But the ruling party, founded on an ideology of pan-Arabism and a strong central government, and fearful of Kurdish demands for autonomy, has until recently made no move to resolve the issue of the roughly 300,000 stateless Kurds.

This is despite the fact that, under Syrian law, foreigners living in the country for more than five years are entitled to citizenship.

In a November 10 address at Damascus University, Syrian President Bahsar al-Assad said the issue had been solved in 2002, when he himself visited Hassake.

Implementation, however, had been delayed due to massive riots in March 2004 between Arabs and Kurds in Qamishli, a city 80 km north of Hassake.

“Now, state authorities are dealing with the issue, which we will solve soon, in an expression of the importance of Syrian national unity,” the president said.

Kurdish reactions to the president’s promise, however, were sceptical.

“We need actions, not words,” said Mustafa Osso, spokesman for the Kurdish Freedom Party in Hassake. “Citizenship is a right for the Kurds to take back, not a gift for the Syrian government to give.”

In Damascus, Hyam Murad, a 23-year old Kurdish engineering student, and a bearer of the orange card, said: “I need citizenship. I might not be able to get a job in the public sector because I am classed as a foreigner.”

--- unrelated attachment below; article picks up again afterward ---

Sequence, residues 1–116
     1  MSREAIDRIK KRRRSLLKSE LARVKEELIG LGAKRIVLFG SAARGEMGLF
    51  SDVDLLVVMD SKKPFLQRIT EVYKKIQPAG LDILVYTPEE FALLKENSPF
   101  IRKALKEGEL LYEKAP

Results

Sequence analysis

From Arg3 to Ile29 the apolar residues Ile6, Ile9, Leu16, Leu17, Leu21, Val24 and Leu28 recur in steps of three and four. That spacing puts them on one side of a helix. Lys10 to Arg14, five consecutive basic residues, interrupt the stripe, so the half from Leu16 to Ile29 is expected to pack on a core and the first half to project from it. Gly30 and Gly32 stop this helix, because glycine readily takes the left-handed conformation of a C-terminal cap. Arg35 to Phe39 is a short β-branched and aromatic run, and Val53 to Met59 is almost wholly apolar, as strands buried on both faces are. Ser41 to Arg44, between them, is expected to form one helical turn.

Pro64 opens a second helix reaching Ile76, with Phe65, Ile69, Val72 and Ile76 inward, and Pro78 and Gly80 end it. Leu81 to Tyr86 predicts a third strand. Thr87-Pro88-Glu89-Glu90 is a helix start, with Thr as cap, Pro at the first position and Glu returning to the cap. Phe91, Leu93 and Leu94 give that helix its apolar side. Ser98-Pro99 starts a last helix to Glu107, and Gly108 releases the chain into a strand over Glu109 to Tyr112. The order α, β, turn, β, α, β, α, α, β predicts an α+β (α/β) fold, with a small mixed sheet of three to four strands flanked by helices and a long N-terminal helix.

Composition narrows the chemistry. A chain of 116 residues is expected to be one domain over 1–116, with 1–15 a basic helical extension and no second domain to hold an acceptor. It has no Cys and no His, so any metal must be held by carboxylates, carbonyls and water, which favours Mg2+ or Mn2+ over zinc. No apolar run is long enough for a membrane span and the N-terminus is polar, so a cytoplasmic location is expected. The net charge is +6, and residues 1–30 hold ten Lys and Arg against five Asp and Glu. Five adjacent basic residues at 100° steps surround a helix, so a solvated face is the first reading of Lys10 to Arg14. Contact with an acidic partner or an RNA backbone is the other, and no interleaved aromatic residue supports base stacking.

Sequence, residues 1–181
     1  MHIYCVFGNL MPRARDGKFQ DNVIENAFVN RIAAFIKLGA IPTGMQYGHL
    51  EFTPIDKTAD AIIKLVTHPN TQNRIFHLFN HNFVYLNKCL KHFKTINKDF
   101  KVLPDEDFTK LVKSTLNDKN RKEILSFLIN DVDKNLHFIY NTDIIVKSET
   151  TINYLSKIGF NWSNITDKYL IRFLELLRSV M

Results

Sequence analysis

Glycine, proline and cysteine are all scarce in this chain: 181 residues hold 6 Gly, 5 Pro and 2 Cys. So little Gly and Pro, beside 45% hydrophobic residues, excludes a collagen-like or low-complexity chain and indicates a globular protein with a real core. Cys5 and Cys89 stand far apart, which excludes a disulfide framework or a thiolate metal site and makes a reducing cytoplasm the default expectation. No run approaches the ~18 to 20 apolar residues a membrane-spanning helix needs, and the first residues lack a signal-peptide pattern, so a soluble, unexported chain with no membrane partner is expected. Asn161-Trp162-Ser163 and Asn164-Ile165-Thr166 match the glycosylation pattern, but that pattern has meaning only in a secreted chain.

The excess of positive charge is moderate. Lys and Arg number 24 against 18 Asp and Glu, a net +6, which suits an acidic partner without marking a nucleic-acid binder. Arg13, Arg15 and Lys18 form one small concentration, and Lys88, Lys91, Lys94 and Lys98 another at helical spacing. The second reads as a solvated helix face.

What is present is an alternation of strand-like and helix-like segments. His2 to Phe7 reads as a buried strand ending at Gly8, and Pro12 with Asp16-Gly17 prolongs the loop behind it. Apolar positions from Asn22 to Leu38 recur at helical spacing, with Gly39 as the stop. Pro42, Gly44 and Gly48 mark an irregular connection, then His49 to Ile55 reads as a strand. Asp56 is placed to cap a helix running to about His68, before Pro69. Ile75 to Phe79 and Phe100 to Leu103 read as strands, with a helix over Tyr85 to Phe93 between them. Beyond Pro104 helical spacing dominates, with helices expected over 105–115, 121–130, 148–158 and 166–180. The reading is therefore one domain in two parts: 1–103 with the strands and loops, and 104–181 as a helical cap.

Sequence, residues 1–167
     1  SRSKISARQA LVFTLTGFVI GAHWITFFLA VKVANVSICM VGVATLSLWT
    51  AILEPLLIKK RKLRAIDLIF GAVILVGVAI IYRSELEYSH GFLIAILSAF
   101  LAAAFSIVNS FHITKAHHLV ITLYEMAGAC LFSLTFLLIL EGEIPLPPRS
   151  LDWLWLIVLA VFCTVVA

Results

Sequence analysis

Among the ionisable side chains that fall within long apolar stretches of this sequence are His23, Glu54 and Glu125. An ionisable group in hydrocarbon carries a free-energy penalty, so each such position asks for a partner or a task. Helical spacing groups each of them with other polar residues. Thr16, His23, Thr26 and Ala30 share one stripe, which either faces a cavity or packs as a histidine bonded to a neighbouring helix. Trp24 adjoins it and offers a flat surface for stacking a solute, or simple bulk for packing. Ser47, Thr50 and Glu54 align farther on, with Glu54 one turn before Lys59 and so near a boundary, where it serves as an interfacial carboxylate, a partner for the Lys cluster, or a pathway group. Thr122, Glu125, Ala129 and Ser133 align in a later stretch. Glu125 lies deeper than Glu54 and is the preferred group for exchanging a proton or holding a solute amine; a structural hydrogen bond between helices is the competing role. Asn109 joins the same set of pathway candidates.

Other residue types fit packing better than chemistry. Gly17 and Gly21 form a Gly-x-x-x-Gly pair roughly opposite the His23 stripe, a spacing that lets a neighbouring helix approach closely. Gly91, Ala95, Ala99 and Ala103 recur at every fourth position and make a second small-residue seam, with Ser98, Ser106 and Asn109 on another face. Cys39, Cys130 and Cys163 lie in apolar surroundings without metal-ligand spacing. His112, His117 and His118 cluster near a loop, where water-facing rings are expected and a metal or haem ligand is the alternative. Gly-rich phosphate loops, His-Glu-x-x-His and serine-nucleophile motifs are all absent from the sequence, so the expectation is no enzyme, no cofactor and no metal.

In an effort to resolve the issue, Information Minister Mehdi Daklallah announced this summer that the government was considering granting citizenship to 120,000 Kurds.

Kurdish political leaders, however, point out that this figure is unrealistically low.

”Daklallah’s figure is from a 1962 census,” said Hassan Saleh, Head of the Kurdish Yakiti Party. “We won’t accept any half-measures, because Kurds are original inhabitants of this land.”

Other Kurdish leaders point out that the citizenship issue is only one of several Kurdish concerns.

“Granting citizenship will not satisfy all Kurdish demands,” said Kher Adeen Murad, Secretary General of the Kurdish Leftist Party.

“We want the government to change the constitution to recognise Kurds as a second nationality, and grant us cultural and linguistic autonomy.”